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Old 02-14-2005, 07:48 AM
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Bond or weld

I have been reading alot about bonding instead of welding. I have a project I'm working on now and i would like your advice. It's a 1967 Camaro that had a lot of rust. All new sheet metal except floors and trunk floor even a new roof panel. Would you bond the quarters and roof or weld? I have never bonded anything before.
Thanks,
Rusty

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Old 02-14-2005, 08:07 AM
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On something like the quarter you would want to weld some of it, like the sail panel where you could "see" the seam. The wheel well is a perfect place to bond. I regularaly hang quarters and the wheel well is the only place I bond.

The roof panel? That s a perfect bonding panel. You could bond the whole thing (many cars roofs these days are bonded). One plug weld at each corner is all you would need. I highly recommend bonding it.

Here is a GM bulletin on bonding a repair piece on an SUV roof. This particular bulletin is interesting in that they even recommend bonding the seam that will be "seen". This will usually cause a "ghost line" showing up thru the filler you have used to smooth it out and is not recommended. So I was surprised to see that GM would recommend it. They do give a special instruction for doing that seam though.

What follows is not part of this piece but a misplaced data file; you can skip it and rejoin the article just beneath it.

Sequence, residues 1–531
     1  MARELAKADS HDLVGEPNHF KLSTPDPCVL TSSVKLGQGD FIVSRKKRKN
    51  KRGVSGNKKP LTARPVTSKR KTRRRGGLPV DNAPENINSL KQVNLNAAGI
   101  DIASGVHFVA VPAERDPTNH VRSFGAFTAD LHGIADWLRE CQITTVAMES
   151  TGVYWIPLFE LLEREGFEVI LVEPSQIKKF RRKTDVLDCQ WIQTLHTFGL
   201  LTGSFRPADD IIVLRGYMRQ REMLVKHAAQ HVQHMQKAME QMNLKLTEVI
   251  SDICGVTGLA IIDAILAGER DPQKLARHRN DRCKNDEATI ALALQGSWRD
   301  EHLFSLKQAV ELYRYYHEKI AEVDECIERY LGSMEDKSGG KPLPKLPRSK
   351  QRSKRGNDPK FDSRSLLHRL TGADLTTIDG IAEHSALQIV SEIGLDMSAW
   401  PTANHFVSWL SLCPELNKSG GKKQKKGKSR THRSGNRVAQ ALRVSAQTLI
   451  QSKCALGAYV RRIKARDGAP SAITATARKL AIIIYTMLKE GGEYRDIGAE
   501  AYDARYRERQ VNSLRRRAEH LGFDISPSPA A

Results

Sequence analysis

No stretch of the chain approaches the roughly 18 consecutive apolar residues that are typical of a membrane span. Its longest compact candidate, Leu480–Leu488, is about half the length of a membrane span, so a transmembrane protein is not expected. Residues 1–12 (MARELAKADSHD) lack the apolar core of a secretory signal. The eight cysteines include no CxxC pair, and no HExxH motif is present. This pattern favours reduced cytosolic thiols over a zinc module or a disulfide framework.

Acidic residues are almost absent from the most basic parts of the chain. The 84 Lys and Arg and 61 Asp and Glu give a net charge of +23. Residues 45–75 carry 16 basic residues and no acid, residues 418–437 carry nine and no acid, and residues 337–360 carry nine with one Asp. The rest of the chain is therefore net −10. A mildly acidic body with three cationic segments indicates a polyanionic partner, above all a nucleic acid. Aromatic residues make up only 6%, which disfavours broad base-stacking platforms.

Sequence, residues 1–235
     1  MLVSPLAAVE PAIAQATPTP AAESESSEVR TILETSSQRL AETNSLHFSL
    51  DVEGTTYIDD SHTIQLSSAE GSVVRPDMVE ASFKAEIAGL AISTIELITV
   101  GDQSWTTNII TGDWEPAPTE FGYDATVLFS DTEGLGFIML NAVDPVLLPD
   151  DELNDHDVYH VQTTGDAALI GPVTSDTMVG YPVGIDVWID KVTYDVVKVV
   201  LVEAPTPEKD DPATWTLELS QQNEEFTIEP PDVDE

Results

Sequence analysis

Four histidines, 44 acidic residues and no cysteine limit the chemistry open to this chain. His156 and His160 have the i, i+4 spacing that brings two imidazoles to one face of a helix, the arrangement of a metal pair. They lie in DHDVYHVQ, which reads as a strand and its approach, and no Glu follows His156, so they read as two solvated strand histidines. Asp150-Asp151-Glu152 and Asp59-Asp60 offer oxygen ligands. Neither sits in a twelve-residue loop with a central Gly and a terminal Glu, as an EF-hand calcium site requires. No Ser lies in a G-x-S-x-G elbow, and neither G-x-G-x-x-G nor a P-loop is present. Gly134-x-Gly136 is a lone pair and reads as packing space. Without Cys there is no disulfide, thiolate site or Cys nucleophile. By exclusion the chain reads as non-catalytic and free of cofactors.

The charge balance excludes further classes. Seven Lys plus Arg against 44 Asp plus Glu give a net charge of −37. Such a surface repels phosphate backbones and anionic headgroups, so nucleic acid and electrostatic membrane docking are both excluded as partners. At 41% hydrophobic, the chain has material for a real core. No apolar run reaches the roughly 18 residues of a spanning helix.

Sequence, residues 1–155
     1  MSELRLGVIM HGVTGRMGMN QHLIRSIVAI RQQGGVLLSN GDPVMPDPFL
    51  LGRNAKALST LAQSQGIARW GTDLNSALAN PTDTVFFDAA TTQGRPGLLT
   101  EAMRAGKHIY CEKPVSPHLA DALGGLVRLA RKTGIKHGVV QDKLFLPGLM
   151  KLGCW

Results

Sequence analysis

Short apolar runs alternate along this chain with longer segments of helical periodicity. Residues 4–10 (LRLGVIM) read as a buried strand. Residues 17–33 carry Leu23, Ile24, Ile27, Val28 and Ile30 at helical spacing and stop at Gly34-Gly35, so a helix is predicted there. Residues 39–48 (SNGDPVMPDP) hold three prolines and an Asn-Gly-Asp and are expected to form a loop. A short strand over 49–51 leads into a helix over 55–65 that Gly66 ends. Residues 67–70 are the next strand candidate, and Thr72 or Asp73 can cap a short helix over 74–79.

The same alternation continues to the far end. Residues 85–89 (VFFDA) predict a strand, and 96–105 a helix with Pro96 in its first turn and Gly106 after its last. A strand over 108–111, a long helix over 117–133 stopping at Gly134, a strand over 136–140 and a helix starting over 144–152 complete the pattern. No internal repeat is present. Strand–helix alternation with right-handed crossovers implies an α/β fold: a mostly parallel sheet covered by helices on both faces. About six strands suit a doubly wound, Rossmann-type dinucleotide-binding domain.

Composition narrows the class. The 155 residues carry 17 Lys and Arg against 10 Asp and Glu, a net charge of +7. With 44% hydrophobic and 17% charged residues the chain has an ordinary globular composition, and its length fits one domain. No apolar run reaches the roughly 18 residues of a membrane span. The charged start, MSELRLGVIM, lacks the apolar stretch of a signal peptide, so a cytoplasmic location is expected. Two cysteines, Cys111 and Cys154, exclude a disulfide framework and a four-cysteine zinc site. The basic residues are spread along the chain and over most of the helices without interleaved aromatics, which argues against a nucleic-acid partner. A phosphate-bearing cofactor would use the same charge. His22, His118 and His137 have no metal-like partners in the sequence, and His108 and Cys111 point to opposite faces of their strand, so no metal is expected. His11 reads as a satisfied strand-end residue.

Anyway, it will give you an idea of how these products are used.
Brian

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Old 02-14-2005, 08:24 AM
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I think Martinsr should write one more paper on Bonding to go with the other famous papers at top of this site!
I'm good at delegating work!
Bwk